Not entirely true. I’m in the business and ping is the only company that sets price restrictions and will suspend accounts for violations. Titleist strongly suggests but doesn’t enforce. Tmag,Callaway,Cleveland,mizuno,Adams etc. they all just want to pump up your volume and couldn’t care less what you discount it to.. Let’s all understand one thing. There is no money in clubs. After shipping most of us are lucky if we make $85 on a $400 driver or $140 on a $800 set of sticks. The online guys have no lease payments and very little payroll therefore they can afford to discount and make close to zippy on clubs cause it all adds up and all they have to do is ship them out. Example. SLDR irons are $799 for 8 steel set. Wholesale is $630. Online guys can go $699 and charge you for shipping and be happy with $70 profit where retail stores can’t or staff would not get paychecks and the lease would not get paid.

  8. Bobby

    Aug 24, 2014 at 10:52 am

    Stores need to be as competitive as online retailers with their prices. I personally don’t buy clubs online, but I can see why people do. When you can save $100-$200 on a set of new irons that cost $900+ online shopping has a huge advantage. Money talks

  9. Nash Carr

    Aug 24, 2014 at 9:18 am

    GG even sells the SAME products for less on their website which undercuts their own brick and mortar stores. Went GG went into having MORE clothes (higher profit margins) than actual golf equipment the signs were on the wall. It’s all about showing a higher margin. I know guys who work at GG and they are actually discouraged from custom ordering anything for people, they are trained to try and steer you to the off the rack stuff as it has a higher profit margin. Before Dick’s bought GG it was a cool store; after it has went downhill ever since. A year ago I called it that they would start closing stores and now they are.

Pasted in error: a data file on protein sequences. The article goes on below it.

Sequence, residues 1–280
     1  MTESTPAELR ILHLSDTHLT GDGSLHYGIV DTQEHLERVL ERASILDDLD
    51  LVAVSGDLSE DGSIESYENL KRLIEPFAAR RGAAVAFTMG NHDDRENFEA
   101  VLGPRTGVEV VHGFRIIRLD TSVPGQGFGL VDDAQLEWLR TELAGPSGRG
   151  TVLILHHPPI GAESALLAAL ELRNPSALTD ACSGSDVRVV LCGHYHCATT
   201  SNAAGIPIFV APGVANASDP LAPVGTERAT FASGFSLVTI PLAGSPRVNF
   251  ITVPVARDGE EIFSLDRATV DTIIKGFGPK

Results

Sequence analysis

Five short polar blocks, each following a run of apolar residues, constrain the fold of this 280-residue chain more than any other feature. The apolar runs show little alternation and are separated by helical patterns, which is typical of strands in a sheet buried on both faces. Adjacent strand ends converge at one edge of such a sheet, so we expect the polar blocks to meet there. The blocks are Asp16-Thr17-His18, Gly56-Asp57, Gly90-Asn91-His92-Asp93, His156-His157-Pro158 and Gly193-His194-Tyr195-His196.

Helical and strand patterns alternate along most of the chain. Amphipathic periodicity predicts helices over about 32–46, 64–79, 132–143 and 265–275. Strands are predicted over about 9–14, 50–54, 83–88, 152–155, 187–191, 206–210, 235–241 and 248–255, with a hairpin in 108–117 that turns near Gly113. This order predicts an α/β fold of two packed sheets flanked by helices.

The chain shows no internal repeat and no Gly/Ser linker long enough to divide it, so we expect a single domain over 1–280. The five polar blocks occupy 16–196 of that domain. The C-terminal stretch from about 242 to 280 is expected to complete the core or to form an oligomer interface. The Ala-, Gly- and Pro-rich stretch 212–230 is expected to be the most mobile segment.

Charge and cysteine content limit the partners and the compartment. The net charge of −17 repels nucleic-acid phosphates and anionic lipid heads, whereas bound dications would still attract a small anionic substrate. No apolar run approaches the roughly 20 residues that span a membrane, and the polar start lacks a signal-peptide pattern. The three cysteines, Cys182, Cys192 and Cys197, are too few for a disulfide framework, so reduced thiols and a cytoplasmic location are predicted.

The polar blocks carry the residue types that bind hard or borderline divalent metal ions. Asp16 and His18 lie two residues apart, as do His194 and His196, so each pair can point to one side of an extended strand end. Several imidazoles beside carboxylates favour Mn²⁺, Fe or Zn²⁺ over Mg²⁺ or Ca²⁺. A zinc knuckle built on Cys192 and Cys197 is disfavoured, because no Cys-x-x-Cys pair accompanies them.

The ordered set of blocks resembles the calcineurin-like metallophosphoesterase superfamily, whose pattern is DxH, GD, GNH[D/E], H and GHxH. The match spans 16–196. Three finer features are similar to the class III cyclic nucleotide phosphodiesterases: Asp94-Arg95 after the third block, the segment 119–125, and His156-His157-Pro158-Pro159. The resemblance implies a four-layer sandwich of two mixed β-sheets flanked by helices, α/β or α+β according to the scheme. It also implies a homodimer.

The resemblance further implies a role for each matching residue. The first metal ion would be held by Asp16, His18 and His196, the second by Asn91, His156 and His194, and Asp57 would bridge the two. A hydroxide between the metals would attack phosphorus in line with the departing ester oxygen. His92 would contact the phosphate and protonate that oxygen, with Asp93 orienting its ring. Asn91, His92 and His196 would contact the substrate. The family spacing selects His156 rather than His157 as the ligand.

10. mike m

    Aug 24, 2014 at 12:56 am

    Paramus NJ GG—I agree, the old store had an unreal staff. I would go in every week looking for used clubs for over 5 years ( they always had really great prices and some real steals) Staff was super friendly and all called me by name.

    New Store, what a joke. So overbuilt, totally sterile, no comparison and the prices on used are ridiculous.

    Dick’s plan really blows–Lost me for good

  11. Jeff

    Aug 23, 2014 at 11:45 pm

    The GG closed in my neighborhood about 6 months ago. I am really down on the golf club market these days. Clubs haven’t really had any improvements worth the full retail investment of new clubs IMO. I think we need to see some pricing competition in the club market. The market is flooded with clubs and they are always at the same price point across the board.

  12. Tom

    Aug 23, 2014 at 11:07 pm

    Golf Galaxy hasn’t even profitable since 2002.

  13. John

    Aug 23, 2014 at 10:34 pm

    John:
    Maybe I missed it on the earnings report, but I did not see anything about closing stores. GG has closed at least 10-12 stores within the past few years due to underperforming stores and not renewing leases.

  14. Jeff

    Aug 23, 2014 at 10:26 pm